Beekeepers' participation in group-based financial institutions and adoption of improved technologies in arid and semi-arid lands a case of Makueni district-Kenya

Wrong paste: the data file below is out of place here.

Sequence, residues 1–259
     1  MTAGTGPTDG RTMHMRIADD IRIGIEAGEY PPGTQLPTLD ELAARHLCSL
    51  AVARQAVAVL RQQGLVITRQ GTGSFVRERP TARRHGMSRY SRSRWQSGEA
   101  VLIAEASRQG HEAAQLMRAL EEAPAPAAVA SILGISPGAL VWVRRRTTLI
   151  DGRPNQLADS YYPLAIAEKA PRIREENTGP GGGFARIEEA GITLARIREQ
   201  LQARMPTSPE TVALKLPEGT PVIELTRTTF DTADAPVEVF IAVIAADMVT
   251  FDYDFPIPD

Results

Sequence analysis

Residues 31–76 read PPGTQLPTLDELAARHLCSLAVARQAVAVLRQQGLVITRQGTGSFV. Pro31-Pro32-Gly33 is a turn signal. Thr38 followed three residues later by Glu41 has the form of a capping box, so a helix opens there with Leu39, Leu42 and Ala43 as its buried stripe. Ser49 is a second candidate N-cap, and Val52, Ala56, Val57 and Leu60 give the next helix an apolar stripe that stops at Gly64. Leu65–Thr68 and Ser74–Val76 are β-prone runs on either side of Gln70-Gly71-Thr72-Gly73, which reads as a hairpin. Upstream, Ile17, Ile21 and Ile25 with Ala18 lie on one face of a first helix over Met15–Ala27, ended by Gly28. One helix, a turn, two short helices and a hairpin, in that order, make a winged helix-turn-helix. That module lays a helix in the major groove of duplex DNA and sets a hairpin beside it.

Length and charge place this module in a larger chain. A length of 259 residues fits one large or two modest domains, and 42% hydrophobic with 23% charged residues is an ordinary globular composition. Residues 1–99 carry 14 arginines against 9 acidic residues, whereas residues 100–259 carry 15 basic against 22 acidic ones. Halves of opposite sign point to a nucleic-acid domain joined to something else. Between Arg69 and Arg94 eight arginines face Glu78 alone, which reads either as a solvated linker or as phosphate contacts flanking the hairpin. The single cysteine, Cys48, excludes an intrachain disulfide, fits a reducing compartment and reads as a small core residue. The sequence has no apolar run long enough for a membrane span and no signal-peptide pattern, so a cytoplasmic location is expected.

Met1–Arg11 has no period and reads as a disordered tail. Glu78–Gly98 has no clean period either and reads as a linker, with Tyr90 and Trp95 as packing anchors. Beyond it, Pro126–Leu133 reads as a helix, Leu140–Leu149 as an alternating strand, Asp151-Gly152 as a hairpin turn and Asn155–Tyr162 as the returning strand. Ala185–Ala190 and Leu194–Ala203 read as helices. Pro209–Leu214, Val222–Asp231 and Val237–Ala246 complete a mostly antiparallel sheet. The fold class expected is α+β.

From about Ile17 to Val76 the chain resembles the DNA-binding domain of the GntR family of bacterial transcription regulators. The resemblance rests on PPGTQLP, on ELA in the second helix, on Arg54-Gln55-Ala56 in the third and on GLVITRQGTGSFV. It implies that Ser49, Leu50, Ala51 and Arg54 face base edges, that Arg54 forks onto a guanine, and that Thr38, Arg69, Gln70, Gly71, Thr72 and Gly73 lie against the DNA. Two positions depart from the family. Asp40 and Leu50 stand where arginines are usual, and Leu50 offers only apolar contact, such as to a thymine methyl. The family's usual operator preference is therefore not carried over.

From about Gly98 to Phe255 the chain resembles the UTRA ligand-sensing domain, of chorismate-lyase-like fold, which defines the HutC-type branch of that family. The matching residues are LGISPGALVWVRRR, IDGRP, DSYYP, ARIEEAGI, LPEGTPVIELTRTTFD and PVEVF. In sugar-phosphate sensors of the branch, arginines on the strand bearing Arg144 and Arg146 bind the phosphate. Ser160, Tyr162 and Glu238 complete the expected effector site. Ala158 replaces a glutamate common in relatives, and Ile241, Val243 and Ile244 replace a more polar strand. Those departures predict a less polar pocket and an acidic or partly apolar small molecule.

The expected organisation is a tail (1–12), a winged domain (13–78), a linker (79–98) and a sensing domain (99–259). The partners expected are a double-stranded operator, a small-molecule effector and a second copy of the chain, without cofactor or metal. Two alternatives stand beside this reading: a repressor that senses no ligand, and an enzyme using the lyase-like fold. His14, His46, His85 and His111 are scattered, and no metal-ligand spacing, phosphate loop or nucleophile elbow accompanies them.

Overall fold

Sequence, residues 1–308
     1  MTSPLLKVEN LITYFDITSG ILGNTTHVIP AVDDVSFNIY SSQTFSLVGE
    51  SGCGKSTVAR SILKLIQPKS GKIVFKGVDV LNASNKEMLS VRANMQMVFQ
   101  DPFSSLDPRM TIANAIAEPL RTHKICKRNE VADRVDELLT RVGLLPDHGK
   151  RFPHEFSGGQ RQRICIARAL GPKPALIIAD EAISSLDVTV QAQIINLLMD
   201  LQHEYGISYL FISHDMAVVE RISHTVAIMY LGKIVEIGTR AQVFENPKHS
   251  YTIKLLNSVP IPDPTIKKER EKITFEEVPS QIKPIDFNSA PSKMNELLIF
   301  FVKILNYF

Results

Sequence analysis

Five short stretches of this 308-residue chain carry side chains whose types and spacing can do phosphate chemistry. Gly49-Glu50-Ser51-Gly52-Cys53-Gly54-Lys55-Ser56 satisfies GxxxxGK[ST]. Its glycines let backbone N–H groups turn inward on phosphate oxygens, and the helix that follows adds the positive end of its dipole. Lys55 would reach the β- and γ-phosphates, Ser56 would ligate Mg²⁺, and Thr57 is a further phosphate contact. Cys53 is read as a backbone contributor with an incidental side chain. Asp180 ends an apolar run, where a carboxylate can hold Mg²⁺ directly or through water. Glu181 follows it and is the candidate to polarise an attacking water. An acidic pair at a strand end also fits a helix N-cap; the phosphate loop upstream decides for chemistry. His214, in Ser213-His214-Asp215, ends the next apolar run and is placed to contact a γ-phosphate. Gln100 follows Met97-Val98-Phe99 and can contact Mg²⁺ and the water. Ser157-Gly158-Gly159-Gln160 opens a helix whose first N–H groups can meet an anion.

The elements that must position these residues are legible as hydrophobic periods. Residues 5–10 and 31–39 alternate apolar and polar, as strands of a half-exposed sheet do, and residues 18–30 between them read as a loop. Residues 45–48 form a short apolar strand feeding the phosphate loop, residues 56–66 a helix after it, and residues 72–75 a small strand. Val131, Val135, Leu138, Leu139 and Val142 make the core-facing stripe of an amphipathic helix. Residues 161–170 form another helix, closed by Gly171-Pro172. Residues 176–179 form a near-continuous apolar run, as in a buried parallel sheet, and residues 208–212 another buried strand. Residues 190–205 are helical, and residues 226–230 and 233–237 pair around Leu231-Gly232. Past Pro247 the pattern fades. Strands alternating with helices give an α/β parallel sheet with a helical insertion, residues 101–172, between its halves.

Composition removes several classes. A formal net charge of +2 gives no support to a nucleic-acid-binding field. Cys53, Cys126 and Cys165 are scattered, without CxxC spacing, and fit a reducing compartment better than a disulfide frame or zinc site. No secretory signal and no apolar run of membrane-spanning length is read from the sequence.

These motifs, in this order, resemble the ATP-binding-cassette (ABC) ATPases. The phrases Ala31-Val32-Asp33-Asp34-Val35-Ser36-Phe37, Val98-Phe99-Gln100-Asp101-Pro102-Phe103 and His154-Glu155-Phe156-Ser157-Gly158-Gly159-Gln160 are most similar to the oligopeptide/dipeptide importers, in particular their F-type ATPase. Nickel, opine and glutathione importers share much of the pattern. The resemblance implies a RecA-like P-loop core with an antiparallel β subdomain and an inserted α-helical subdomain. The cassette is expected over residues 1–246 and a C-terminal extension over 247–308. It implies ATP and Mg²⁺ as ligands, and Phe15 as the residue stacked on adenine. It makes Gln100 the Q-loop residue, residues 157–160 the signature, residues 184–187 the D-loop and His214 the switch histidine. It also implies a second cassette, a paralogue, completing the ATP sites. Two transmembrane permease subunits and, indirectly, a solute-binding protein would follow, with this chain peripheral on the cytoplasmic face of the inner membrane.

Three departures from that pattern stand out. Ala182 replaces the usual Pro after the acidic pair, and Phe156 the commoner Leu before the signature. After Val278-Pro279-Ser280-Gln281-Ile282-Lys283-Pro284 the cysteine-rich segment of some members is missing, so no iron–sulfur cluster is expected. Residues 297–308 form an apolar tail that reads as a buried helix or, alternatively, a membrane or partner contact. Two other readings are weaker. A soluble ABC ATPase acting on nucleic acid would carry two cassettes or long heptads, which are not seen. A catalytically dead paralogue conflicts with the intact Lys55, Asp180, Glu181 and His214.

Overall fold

The problem of low agricultural productivity in sub-Saharan Africa is currently one of the fundamental concerns of policy makers. In the Beekeeping sub-sector, the issue of low honey production has engaged policy makers and researchers in strategizing on how to modernize small-scale beekeeping through the introduction of improved technologies. Production under traditional log hive technology over the period has resulted in both low honey output and quality and has not conformed to the dynamic market demands. Studies have been undertaken on technology adoption and some of them consider access to group-based financial institutions as one of the factors that affect adoption decisions in resource constrained areas. However, very little is known about the effect of this access to group-based financial institutions (GBFIs) on the adoption process under different socio-economic conditions. This study aimed at clarifying various factors that influence the adoption of improved honey production technologies and the role of group-based financial institutions in this process in Makueni district of Kenya's Eastern Province. Following the declining honey production in an area classified as a beekeeping zone, and increasing poverty levels, there was a need to determine participation in group-based financial institutions, ascertain the adoption trend of improved honey production technologies as a result of this participation and to assess the profitability of improved honey production technologies given participation. The study used both primary and secondary data. Primary data was collected from a total of 130 beekeepers participating and non-participating in group-based financial institutions in August/September 2005 using a single-visit survey approach. 3 divisions were purposively selected based on the distribution of beehives and membership in group-based financial institutions. 3 locations were selected randomly from these divisions and a stratified sample of beekeepers from beekeeping groups registered with the Ministry of Gender, Culture and Social Services interviewed using a structured questionnaire. Secondary data was collected at the district level. 2 A combination of analytical techniques was applied, including the X test, logit 2 regression analysis and profitability analysis. The result of the X test showed that improved beekeeping technologies were used more by beekeepers participating in groupbased financial institutions than those not participating. Logit regression analysis showed that extension service, education, distance to the market and the size of the livestock herd significantly influenced the beekeepers decision to participate in group-based financial institutions. The logit adoption models results further indicated that credit programme access had a significant effect on the beekeepers' decision to adopt a technology. The results found that a 10 percent increase in the absolute value of participation in groupi based financial institutions raises the probability of adoption of log hive by 2.8 percent, Kenya Top Bar Hive (KTBH) by 0.31 percent and Langstroth hive by 0.44 percent. There was no significant influence of participation in group-based credit programme on the adoption of Soil block hive. The results of the prediction models showed that the model did well in predicting the choice of participation in group-based financial institutions, log, KTBH and Langstroth hive adoption but its capacity to correctly predict Soil Block hive adoption was limited. Profitability analysis indicated that improved technologies had a high comparative advantage over the traditional technology under participation in groupbased financial institution conditions. The study came up with a number of recommendations towards enhancing participation in group-based financial institutions and adoption of improved beehive technologies. To increase the number of beekeepers participating in group-based financial institutions the study recommended that GBFls adopt an integrated extension approach and promote literacy trainings for the beekeepers in the short-run. The study further recommended that the government should invest in complimentary services (mainly infrastructure-roads, market services and strengthen free primary education) to improve information symmetry and ensure sustainability of the programmes run by GBFls. The study also recommended that the government should promote small livestock enterprises (like goats, sheep and poultry) to enhance the liquidity of the beekeepers and enable them meet basic conditions for GBFls' credit acquisition. Lastly the study recommended that the private concerns making the improved technologies should come up with strategies of lowering the cost of hives to enable more beekeepers access them with ease and manage the credit repayment demands of GBFls.